A dream is just a dream. A goal is a dream with a plan and a deadline.
– Harvey MacKay
Whatever your dreams related to French may be, whether you want to speak fluently, read classic literature without resorting to a translation, or travel around France, setting specific goals – and measuring your progress against them – is one of the most effective tools in your learning arsenal.
Motivation and goals go hand-in-hand. Setting goals to guide your French learning is one of the best things you can do to stay motivated, and being motivated is the only way to stay on track toward reaching your goals. So it's important to plan your language learning journey: you've seen how long the journey is, so just like when climbing a mountain, it's advisable to plan the journey in stages, ideally both short term and long term.
Choosing the right goals isn't rocket science, but there's a little more to it than just throwing together a list. To be truly effective, goals should be S.M.A.R.T.
- Achievable / Attainable
- Timely / Time-bound
A short-term goal can be as simple as the declaration that you'll study, say, an hour a day. To measure your progress, try an online goal tracking app - there are numerous free options available. Or you can be old school: draw seven boxes on a piece of paper and check one after each hour of study. Either way, it feels good to check things off and is a visible way to measure progress, even (especially) when you don't feel like you're progressing.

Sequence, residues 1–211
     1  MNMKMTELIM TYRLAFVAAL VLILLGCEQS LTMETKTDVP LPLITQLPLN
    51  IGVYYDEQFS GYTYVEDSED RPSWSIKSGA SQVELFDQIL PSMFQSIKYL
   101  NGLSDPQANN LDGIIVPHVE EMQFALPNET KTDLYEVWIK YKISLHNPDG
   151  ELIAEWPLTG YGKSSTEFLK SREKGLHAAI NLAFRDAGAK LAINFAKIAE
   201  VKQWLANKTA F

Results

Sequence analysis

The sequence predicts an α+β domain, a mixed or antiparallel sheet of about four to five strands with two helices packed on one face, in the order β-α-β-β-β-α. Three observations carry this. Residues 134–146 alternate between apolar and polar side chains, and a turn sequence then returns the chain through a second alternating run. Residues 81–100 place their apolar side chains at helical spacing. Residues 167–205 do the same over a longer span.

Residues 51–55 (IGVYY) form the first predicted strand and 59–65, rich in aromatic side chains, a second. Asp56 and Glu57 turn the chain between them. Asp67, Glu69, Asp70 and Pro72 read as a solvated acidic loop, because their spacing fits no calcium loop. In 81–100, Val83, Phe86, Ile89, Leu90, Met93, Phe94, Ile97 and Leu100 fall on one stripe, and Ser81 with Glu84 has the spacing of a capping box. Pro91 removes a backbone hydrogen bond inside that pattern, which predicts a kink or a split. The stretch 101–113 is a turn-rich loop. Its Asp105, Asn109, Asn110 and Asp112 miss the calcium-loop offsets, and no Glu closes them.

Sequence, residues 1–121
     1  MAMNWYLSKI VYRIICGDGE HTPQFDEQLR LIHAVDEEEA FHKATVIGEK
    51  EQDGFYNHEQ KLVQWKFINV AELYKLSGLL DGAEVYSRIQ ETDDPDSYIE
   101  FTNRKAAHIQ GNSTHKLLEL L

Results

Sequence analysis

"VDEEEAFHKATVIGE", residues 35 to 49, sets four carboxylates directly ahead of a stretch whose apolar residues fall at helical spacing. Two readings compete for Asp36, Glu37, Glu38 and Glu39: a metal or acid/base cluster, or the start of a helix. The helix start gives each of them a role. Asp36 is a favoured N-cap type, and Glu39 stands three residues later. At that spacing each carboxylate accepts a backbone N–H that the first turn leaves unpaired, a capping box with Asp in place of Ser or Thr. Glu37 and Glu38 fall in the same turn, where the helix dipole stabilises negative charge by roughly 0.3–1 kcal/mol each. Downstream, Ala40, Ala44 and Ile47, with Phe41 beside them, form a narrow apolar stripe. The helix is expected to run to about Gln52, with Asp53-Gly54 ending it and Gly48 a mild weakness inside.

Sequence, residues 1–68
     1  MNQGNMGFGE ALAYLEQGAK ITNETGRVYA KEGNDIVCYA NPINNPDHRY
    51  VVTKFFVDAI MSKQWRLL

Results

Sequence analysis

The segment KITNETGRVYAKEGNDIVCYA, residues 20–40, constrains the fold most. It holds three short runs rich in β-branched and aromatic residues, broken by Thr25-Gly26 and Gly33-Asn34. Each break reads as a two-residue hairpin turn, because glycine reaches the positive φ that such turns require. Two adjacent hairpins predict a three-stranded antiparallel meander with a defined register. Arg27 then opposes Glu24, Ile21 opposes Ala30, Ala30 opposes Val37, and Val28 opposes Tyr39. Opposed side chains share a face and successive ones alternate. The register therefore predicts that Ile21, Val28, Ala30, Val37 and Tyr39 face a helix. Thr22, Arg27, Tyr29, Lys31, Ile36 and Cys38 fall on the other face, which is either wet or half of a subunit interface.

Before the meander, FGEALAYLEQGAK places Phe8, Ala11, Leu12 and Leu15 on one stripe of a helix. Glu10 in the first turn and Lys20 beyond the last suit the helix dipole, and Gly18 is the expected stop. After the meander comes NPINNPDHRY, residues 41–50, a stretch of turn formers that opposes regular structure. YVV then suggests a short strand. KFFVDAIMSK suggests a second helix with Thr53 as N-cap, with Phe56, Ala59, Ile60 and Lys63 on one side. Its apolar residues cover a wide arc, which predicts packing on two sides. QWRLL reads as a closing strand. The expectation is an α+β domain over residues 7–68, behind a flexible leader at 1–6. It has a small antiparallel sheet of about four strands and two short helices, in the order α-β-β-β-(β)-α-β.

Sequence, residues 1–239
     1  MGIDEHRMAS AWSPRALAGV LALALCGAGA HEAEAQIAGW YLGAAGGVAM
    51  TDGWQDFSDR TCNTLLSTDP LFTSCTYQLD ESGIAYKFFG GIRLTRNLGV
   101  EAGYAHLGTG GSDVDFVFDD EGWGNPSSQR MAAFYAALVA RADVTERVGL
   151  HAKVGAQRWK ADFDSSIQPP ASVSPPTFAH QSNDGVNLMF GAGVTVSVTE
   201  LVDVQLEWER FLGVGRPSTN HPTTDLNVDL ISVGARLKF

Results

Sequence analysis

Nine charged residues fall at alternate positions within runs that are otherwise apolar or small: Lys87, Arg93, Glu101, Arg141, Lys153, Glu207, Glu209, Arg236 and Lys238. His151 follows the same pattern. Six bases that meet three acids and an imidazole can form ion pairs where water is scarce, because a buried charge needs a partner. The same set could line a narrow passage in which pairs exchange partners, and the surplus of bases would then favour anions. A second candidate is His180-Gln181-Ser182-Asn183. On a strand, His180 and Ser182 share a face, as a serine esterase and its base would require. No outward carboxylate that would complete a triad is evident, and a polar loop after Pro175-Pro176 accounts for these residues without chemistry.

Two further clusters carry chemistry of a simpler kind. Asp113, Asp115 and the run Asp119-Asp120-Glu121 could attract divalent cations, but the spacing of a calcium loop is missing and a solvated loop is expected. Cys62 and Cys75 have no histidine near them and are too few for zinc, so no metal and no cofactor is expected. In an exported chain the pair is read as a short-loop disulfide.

Progress with Lawless French's achievements system can help inspire you to work toward short-term goals, such as
- Taking at least one kwiz every day (your "day streak")
- Being more ambitious and aiming for 5 kwizzes a day
- Mastering a lesson a week (gold star)
Medium-term goals chez Progress with Lawless French include level shields (bronze, silver, gold) and foundation awards, while reaching the next CEFR level is a very worthwhile long-term goal. Even if you don't "need" to prove your French level for work or school, why not do it for yourself? Register to take the DILF, DELF, or DALF, the official French proficiency exam.
The Bottom Line
If you're serious about improving your French, you need to be serious about how – and how much – you study and practice. Making goals allows you to track your efforts, no matter how quickly or slowly you feel like you're progressing. So check out your personalized StudyPlan and visit your achievements page to see what you've already earned and figure out what to aim for next.
1 S.M.A.R.T. Goal Setting, Your Coach